Pre-clinical in vivo evaluation of cormatrix as right-sided valved conduit

H. Talacua, Khadija Mulder, Geert van Hout, B. Sanders, P.F. Grundeman, Aryan Vink, C.V.C. Bouten, J. Kluin

Research output: Contribution to journalMeeting AbstractAcademic


Introduction: Although not FDA approved for heart valve repair, decellularized porcine small intestinal submucosa (Cormatrix) is currently used in quite a lot of institutes to reconstruct heart valves in patients. Recently, surgeons experienced clinical failures using Cormatrix as a patch in heart valve repair and words of caution were raised. The aim of this study was to pre-clinically evaluate CorMatrix as right-sided heart valved conduit in a xenogeneic animal model Methods: CorMatrix was used as valved conduit in the right ventricular outflow tract in sheep (n=10) and lambs (n=10). Valved conduits were home-made and explanted after 1 month, 3 months or 6 months. Valve function was assessed by echocardiography directly after implantation and prior to termination. Explants were analyzed using histology, scanning electron microscopy, mechanical testing, biochemical analysis and immunohistochemistry Results: All valved conduits were successfully implanted. 5 sheep and 2 lambs did not survive until planned follow-up. Diseased animals died due to valve failure after 1 or 2 months. Valve leaflets where thickened with signs of a massive inflammatory response. 5 sheep (1 month n=3, 3 months n=1 and 6 months n=1) and 8 lambs (1 month n=3, 3 months n=3, 6 months n=2) survived until planned follow up. In these animals, on echocardiography a well functioning valve with no signs of stenosis or insufficiency was seen. However all explants showed only limited signs of cellular infiltration or neotissue formation Conclusions: In the chronic sheep and lamb model, 13 out of 20 CorMatrix pulmonary valved conduits were intact and showed good functionality, although only limited signs of tissue remodeling. However, 7 out of 20 valves failed owing to a massive inflammatory response. Further analysis is needed to understand the disturbing dichotomous outcome before clinical application can be advised.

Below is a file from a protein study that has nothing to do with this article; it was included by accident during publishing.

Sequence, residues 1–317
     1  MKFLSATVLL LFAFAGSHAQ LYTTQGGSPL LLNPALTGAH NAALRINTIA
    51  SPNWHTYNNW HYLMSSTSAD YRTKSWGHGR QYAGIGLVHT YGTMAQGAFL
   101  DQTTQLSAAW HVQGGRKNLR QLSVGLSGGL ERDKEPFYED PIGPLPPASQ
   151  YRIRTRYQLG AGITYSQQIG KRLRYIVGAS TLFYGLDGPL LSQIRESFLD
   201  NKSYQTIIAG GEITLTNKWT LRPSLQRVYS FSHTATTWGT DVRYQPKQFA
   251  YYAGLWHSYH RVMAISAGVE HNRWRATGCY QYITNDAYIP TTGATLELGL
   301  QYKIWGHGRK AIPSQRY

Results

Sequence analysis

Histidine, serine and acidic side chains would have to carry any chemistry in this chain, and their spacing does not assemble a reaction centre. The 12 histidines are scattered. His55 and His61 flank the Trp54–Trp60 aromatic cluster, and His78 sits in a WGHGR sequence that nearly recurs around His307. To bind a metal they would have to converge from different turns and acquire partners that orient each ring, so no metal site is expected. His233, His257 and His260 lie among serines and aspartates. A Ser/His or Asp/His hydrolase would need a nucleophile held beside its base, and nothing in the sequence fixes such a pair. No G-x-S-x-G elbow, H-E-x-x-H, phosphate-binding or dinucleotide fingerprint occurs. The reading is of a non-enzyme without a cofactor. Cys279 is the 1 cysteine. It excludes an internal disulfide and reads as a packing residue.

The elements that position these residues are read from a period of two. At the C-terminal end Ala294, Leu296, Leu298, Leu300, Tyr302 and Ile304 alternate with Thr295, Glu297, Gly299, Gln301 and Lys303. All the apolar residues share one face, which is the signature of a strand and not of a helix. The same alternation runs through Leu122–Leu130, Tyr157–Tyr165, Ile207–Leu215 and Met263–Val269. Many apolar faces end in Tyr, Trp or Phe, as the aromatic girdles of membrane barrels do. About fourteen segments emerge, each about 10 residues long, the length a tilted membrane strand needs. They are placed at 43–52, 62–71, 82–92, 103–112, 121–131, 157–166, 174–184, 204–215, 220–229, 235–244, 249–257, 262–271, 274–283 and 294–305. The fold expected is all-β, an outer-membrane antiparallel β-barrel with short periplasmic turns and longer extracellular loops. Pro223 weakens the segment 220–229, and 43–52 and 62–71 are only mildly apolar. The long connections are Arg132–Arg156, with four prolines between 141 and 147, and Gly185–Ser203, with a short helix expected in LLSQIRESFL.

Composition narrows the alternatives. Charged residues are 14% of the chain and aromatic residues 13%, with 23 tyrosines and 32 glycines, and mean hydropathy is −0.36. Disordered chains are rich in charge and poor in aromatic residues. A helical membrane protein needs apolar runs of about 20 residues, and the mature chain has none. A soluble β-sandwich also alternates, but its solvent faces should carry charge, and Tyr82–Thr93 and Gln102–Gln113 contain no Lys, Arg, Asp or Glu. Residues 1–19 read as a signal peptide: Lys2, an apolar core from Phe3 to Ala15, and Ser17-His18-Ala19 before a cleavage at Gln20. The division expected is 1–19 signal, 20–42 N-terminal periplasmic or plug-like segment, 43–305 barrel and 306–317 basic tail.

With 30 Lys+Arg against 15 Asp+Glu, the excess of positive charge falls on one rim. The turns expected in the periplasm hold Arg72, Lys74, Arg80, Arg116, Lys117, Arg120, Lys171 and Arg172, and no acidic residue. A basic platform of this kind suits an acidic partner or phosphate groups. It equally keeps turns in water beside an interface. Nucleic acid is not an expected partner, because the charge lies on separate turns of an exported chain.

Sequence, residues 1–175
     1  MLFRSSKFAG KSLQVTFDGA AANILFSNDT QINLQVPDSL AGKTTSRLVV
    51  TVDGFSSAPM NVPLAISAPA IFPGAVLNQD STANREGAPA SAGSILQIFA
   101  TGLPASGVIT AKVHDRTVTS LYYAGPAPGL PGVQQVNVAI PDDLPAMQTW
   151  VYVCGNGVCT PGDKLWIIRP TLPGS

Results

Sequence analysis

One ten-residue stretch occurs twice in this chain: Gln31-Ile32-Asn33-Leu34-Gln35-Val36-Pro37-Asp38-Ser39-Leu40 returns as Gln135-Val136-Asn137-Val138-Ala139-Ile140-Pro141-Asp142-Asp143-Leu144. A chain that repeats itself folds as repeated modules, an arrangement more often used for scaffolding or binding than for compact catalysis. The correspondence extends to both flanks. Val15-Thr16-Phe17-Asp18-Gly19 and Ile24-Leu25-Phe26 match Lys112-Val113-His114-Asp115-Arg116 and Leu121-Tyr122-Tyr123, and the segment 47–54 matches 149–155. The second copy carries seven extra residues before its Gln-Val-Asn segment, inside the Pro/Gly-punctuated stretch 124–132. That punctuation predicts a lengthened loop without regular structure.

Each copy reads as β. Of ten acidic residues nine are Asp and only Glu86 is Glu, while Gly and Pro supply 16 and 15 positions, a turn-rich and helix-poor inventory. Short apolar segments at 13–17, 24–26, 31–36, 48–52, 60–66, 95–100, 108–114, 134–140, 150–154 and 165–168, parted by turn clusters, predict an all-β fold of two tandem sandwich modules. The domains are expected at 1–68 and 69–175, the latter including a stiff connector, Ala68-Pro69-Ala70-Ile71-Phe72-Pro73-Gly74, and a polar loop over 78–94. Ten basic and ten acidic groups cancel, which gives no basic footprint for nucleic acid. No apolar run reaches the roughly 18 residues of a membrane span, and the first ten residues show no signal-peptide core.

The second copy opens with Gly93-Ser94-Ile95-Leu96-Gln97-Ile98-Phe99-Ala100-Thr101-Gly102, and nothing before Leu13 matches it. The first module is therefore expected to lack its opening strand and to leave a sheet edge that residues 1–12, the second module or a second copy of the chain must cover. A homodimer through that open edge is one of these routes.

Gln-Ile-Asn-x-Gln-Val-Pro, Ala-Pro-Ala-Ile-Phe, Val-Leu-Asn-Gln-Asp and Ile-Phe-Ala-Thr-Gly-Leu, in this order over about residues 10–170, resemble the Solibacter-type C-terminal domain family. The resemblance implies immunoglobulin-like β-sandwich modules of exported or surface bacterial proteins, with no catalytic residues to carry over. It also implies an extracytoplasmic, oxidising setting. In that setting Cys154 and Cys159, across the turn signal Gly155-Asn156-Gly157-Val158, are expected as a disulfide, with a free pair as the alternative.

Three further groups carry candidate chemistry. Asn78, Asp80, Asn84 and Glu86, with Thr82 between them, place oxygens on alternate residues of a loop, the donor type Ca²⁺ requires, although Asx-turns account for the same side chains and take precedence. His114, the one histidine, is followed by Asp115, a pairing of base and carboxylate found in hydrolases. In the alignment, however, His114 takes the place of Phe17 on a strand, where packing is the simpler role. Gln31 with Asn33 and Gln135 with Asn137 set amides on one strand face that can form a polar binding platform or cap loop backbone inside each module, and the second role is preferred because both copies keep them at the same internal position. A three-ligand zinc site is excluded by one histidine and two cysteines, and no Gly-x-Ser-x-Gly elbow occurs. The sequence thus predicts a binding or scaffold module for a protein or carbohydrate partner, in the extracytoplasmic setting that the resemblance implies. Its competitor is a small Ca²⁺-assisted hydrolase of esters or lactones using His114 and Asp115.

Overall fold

Original languageEnglish
Article numberA19831
Number of pages1
Issue numberSupplement 3
Publication statusPublished - 2015


  • animal model
  • biochemical analysis
  • cell infiltration
  • echocardiography
  • explant
  • follow up
  • food and drug administration
  • heart
  • heart right ventricle outflow tract
  • heart valve
  • histology
  • human
  • immunohistochemistry
  • implantation
  • inflammation
  • lamb
  • medical society
  • model
  • patient
  • pulmonary valved conduit
  • resuscitation
  • scanning electron microscopy
  • sheep
  • stenosis
  • submucosa
  • surgeon
  • surgery
  • tissue engineering
  • tissues
  • valved conduit
  • valvuloplasty

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